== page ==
X-Men Legacy #2 – FF has some serious competition for the most oddball book in the Marvel NOW! line-up, as X-Men Legacy continues to intrigue me, mostly for how unlikely a comic it is in the current industry. Legion is on a bit of a rampage in China, while his personalities are on a bit of a rampage in his mind. He meets a pair of disembodied eyeballs (seriously), who have some sort of plan for him, while the X-Men figure out that he needs to be found. Simon Spurrier is making this story equally compelling and perplexing, and Tan Eng Huat’s art is much better suited to this than it was to the Annihilators. I hadn’t intended to stick with this title, but I will definitely pick up the next one…
‘68 Scars #3
A Plus X #2
All-New X-Men #2
New Avengers #34
Thor God of Thunder #2
Ultimate Comics Iron Man #2
Amazing Spider-Man #682-687 - These issues make up the Ends of the Earth arc, which has Spider-Man, Silver Sable, and the Black Widow running around the globe trying to stop Doctor Octopus and the Sinister Six from either curing the world of global warming, or frying it to a crisp. Dan Slott paces this story very well, and blends character and action very nicely. There is perhaps too much of a reliance on gadgetry, as Spidey wears special armor that looks kind of ridiculous. Art-wise, this story is a mess, in exactly the way most Marvel books are these days. In their insistence that their books need to come out multiple times a month, they are forced to use multiple artists on their comics. This story is mostly drawn by Stefano Caselli, but a couple of issues are drawn by Humberto Ramos. They are both great artists (at this point, I think I prefer Caselli), but since they have such different styles, switching issues is very jarring. I understand the need for multiple artists (if not the need for double-shipping), but I wish they’d find more consistent pairings.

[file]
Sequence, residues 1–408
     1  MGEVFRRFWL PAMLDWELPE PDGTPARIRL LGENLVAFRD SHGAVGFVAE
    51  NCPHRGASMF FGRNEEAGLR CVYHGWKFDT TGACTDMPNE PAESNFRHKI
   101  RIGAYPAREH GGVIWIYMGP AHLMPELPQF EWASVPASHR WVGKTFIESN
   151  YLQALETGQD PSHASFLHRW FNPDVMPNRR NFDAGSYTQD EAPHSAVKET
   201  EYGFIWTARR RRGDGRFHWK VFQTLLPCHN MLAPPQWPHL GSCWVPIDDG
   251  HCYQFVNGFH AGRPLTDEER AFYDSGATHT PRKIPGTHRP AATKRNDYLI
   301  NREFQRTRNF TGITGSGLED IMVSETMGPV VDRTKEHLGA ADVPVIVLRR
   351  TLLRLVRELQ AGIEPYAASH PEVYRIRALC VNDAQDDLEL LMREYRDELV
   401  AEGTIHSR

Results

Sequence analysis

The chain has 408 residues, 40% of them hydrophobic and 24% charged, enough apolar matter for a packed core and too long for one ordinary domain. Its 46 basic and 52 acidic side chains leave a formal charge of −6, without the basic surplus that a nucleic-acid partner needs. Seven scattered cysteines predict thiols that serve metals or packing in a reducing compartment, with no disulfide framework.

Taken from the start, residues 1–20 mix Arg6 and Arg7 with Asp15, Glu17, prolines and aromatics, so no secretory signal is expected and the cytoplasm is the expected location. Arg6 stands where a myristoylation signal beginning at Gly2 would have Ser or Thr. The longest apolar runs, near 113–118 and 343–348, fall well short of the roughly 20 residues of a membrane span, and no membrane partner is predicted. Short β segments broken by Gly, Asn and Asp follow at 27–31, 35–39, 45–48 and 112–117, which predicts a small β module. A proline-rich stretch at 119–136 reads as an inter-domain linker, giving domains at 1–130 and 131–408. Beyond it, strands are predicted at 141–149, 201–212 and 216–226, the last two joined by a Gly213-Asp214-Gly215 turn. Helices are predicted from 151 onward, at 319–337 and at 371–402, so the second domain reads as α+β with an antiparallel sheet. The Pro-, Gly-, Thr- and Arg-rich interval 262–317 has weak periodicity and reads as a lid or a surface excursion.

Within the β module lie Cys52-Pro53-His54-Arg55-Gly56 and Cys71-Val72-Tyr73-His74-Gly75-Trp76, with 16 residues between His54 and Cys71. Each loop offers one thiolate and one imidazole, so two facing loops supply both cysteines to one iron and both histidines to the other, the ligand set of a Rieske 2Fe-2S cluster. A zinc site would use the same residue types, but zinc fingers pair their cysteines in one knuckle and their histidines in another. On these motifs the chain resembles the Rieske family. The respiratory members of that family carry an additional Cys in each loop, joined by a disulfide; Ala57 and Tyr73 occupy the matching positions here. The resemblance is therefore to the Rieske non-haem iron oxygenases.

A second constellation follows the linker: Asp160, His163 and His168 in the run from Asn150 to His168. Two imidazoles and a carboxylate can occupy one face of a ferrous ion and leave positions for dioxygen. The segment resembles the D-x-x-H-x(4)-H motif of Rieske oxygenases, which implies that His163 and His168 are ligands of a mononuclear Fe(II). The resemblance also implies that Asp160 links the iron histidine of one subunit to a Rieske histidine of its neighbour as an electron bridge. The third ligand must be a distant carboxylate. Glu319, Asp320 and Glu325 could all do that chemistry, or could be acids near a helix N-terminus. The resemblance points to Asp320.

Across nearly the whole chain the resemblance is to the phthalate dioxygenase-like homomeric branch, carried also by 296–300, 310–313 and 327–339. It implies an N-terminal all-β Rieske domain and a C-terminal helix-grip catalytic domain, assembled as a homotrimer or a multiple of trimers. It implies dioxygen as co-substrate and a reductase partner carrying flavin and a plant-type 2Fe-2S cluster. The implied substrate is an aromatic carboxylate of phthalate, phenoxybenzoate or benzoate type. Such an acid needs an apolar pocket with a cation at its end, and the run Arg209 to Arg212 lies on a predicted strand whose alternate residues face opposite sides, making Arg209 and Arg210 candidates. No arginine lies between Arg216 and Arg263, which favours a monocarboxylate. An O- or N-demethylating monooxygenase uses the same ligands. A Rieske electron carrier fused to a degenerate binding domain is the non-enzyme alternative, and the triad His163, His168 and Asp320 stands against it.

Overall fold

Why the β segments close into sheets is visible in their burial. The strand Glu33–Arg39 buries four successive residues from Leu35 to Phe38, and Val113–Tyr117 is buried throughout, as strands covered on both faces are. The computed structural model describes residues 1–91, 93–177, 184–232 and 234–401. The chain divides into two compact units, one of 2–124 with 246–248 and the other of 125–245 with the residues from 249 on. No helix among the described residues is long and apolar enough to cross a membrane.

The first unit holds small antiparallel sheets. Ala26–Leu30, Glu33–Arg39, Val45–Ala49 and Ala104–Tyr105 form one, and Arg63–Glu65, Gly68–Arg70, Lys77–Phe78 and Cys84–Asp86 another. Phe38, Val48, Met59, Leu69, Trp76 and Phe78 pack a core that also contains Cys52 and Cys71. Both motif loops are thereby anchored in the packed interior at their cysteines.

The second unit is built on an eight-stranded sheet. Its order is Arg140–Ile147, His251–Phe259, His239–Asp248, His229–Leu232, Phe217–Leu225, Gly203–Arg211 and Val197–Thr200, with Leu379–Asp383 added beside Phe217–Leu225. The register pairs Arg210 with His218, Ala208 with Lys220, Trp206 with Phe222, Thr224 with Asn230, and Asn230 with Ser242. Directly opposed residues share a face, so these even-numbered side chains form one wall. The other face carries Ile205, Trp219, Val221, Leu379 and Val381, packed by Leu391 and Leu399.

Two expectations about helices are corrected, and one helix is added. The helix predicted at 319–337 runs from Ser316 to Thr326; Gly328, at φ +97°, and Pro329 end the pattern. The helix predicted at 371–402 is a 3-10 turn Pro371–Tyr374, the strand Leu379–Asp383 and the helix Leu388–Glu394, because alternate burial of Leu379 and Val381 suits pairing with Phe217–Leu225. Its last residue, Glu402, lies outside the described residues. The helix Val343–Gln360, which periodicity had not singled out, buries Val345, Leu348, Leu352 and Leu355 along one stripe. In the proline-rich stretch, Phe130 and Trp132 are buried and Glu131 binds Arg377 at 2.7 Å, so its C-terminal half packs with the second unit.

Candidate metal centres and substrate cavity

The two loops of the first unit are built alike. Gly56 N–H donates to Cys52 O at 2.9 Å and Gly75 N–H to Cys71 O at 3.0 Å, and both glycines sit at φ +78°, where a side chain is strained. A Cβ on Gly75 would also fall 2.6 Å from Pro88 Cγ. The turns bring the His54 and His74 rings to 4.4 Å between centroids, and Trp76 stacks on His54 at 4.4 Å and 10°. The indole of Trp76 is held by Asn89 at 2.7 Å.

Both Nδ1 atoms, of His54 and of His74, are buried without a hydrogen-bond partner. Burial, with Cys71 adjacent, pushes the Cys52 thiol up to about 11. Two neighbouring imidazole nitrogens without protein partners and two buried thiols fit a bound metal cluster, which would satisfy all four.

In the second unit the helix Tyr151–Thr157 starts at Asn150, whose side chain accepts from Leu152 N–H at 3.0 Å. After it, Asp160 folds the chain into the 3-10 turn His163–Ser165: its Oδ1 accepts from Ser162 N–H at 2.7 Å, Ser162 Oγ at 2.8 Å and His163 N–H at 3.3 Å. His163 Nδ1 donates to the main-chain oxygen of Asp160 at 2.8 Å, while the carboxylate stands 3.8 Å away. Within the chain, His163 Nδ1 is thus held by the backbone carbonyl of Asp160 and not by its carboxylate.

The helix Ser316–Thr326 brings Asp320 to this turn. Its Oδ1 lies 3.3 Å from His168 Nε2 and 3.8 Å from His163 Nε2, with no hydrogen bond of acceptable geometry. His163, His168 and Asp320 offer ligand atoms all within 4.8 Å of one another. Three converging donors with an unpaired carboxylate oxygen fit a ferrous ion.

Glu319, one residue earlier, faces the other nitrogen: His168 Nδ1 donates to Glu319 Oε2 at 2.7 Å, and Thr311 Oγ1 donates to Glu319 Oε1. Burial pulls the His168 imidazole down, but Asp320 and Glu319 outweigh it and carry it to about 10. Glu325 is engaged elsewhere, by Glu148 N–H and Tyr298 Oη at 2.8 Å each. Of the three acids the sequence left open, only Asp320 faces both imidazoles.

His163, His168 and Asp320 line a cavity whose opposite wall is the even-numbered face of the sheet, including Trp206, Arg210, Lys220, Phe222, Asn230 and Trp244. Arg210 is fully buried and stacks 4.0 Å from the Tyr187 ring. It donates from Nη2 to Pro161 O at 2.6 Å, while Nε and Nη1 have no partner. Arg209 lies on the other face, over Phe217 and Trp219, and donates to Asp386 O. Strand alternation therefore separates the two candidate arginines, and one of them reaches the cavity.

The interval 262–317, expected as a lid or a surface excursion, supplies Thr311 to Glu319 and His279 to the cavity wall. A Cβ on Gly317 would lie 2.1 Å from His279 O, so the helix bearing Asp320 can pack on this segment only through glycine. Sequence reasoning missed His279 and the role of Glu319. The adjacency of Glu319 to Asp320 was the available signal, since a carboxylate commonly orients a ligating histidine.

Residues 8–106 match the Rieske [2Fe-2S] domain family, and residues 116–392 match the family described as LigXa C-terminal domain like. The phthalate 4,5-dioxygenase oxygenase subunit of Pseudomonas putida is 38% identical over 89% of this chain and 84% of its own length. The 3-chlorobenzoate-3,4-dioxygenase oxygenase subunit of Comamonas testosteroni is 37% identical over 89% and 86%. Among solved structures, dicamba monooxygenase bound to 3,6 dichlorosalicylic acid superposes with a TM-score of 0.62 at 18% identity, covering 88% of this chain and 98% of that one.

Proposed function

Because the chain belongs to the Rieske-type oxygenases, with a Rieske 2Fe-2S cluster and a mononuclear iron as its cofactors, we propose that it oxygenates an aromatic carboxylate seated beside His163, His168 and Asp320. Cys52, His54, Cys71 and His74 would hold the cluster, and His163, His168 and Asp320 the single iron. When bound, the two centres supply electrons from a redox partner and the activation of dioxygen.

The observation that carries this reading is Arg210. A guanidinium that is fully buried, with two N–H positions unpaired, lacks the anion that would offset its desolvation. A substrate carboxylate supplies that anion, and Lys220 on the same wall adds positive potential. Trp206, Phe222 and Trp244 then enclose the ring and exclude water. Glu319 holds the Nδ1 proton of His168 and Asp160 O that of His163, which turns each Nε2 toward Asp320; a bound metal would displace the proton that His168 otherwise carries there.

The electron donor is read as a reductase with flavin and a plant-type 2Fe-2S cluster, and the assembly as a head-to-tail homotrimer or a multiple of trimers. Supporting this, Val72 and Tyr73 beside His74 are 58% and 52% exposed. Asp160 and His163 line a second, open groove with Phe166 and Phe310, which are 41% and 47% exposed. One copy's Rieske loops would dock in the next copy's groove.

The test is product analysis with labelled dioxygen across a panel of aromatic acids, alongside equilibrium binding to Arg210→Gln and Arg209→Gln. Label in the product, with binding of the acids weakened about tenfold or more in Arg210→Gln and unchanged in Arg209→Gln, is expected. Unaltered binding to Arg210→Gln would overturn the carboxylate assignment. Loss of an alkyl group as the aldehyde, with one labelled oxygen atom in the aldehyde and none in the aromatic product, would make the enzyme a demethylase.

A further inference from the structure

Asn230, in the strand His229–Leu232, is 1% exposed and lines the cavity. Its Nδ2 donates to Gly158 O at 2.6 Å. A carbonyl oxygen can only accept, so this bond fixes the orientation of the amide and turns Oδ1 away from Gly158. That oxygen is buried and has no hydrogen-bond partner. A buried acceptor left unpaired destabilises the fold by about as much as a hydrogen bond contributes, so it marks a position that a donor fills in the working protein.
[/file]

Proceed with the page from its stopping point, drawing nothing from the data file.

Astonishing X-Men #55 – Marjorie Liu’s run on this title has gotten progressively darker, as the nano-worm controlled X-Men have started trashing Madripoor under the control of Karma’s long-lost evil sister. This is a decent book, but Mike Perkins’s art is not well suited to cramming so many characters into panels – I was having trouble telling Northstar from Gambit for a couple of pages.
Avengers Assemble #7 – If you want a perfect example of what’s wrong with Brian Michael Bendis’s team comics, this series is it. Bendis has spent seven issues establishing Thanos as a cosmic-level threat, and has shown that the combined might of the Avengers and the Guardians of the Galaxy are barely enough to deal with the Badoon. Now, there will only be one issue left for them to deal with Thanos, who has just killed all of the Elders of the Universe. Want to bet that issue 8 is even worse than this one?